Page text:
In the age of information, a data breach is one of the worst things that can happen. At best, it is a violation of privacy, and at worse, it leads to identity theft. This is why schools need to do better when it comes to managing student data.
Schools keep tons of data on their students. Everything from grades, to addresses, to phone numbers, to even social security numbers. If I were to look hard enough at my school, I could find just about any information I want on a student … past or present. The problem is the fact that I don’t have to look that hard. My school is better than the majority, but at almost any school, student data is not kept under lock and key the way it should be.
There is no way around providing some access to student data. Teachers have good reason to need to know parent contact information. But in many schools, anyone with access to the network has access to everything. The obvious problem: If everyone can access everything then everyone now becomes a potential entry point for a hacker. This is not some sci-fi plotline either. Close to thirty schools have been victims of ransomware attacks recently. Including large well-equipped districts like Chicago Public Schools and Los Angeles Unified School District. In the latter case, the hackers actually released the stolen student information on the dark web.
Hackers can penetrate a system many different ways. Opening emails and downloading infected files are two of the most common. School staff need to be trained on digital safety and not just the older members on staff who have trouble opening their emails. Plenty of “digital natives” fall victim to phishing and other online hacker tricks, too. Some schools have also started to prevent their devices from downloading files altogether without admin approval which is best practice.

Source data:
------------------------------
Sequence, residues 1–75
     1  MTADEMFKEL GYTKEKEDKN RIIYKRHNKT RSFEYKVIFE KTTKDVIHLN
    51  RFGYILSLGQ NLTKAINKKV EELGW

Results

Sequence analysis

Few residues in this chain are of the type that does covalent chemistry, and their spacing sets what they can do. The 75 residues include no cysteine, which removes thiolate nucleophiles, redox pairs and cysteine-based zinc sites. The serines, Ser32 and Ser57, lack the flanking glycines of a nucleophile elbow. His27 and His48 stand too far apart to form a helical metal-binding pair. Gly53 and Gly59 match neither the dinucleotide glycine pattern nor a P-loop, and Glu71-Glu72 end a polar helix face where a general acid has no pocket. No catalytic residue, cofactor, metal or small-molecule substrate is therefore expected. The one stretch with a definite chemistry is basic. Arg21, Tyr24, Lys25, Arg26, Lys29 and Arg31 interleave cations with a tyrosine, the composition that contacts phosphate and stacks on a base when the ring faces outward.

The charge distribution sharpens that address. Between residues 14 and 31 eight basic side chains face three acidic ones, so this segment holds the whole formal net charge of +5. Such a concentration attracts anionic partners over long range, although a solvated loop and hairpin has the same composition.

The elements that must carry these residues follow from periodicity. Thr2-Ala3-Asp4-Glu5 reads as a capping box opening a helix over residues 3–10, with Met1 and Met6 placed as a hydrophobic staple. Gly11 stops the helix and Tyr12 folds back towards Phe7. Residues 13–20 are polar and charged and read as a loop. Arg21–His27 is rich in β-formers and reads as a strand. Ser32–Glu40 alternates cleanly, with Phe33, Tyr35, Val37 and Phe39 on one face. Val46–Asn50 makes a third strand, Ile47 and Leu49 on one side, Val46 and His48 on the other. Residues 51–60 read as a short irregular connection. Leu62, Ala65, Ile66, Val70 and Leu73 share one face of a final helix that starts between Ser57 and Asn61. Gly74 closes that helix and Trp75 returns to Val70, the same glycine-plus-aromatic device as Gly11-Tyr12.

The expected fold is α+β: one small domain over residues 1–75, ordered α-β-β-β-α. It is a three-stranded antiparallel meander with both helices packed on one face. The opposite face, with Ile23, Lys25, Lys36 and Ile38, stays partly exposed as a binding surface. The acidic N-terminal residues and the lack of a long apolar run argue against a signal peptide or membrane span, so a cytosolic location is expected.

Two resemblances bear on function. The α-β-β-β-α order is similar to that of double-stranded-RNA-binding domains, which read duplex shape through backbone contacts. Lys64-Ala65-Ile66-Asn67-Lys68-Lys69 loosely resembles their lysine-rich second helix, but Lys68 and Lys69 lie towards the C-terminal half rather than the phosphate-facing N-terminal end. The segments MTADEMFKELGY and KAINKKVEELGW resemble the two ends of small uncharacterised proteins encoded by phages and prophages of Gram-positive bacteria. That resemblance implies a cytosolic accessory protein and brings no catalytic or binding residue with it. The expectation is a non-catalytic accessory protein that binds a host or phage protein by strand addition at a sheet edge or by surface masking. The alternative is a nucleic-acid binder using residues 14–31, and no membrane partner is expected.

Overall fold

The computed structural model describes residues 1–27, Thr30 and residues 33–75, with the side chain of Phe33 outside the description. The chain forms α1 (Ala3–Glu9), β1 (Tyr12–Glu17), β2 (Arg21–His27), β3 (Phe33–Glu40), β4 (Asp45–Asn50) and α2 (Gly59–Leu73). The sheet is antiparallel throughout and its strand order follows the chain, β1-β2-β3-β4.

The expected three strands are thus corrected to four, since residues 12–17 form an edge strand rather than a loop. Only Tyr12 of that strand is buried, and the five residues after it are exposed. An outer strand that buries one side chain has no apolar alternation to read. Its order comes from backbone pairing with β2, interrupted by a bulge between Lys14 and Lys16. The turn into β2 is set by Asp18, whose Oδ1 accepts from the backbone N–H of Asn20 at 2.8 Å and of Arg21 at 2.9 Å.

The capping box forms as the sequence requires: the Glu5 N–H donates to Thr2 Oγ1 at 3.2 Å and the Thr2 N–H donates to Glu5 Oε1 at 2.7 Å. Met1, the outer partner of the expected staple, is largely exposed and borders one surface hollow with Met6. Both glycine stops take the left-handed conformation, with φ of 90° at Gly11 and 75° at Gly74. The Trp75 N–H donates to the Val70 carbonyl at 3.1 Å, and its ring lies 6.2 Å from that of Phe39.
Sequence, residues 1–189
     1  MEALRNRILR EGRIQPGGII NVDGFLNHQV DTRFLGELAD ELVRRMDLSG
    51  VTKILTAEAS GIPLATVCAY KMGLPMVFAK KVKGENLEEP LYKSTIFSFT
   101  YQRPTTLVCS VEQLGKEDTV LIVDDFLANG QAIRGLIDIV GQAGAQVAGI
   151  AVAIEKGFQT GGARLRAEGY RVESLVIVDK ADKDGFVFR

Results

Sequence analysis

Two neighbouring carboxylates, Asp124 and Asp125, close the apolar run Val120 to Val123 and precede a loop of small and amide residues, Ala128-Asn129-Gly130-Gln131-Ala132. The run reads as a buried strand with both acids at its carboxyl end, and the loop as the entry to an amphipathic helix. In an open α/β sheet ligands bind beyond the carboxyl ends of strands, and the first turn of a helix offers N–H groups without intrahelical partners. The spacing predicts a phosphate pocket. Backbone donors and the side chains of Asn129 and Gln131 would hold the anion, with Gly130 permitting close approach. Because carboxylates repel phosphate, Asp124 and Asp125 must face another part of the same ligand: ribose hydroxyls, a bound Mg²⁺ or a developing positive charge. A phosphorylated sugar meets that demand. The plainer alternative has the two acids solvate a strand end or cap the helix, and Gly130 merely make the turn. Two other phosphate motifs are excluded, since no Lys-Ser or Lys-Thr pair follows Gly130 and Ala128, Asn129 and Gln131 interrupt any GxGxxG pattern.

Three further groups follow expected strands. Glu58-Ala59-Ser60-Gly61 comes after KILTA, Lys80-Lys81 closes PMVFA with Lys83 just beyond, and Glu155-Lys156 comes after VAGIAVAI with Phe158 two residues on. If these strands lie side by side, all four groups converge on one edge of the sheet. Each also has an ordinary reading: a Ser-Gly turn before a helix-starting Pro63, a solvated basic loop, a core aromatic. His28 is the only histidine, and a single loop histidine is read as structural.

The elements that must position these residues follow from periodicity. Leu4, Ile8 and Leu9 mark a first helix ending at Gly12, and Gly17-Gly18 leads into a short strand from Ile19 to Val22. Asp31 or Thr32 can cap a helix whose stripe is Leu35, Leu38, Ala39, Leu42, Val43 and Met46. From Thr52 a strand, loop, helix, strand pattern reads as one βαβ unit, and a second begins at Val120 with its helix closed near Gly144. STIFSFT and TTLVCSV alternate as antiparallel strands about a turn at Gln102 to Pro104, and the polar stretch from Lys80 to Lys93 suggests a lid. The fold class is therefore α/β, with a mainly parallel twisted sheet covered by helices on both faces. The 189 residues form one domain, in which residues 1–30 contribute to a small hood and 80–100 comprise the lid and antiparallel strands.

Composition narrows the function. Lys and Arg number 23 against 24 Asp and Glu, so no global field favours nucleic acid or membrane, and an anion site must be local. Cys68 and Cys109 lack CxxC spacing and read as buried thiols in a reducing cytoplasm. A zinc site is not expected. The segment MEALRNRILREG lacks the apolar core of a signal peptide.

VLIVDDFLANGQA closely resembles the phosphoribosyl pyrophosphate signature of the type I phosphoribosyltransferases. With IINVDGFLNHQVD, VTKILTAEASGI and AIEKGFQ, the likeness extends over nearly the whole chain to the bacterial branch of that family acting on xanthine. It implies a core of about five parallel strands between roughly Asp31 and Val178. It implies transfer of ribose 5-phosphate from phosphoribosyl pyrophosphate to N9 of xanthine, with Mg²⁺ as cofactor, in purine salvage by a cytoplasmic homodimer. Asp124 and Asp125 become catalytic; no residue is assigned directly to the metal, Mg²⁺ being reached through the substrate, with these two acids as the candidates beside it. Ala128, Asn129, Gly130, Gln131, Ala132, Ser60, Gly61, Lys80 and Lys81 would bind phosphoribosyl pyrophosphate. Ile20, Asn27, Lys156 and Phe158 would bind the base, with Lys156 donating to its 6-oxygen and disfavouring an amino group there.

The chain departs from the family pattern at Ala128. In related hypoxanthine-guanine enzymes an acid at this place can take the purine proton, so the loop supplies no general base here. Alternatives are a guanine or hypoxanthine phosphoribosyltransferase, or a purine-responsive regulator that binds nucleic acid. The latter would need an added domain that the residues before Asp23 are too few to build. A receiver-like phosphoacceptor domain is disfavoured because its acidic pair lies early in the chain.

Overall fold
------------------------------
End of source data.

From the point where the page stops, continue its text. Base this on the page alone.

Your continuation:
During remote learning, teachers experimented with all kinds of cool sites and platforms for student engagement. Many of these ed-tech programs themselves take data from the users, especially the free ones. As the old saying goes, “If something is free then you are the product.” Additionally, due to the digital divide many students are using their school devices for much more than schoolwork. This means that a hacked Chromebook might reveal much more personal information than just mid-term grades.
Data is increasingly being stolen in high-tech ways, but we shouldn’t forget about old-fashion vulnerabilities either. We have all had the experience as a teacher of walking into the printer room and seeing an IEP or some other sensitive information left out in the open, often times even in places where students can see them.
The federal government is actually taking steps to remedy some of these situations, particularly around use of data. The AI Bill of Rights aims to fix some of the problems that hackers exploit like users being unaware of their data being harvested in the first place. That is a good first step, but it will not fix the problem if schools don’t take the threat seriously and not all of them are.
Schools getting hacked via ransomware has been in the headlines for months and the hackers are still exploiting the same vulnerabilities. Los Angeles Unified School District was actually warned about their vulnerabilities and didn’t act effectively.
Learn from other school’s mistakes. Don’t let your student data fall into the wrong hands.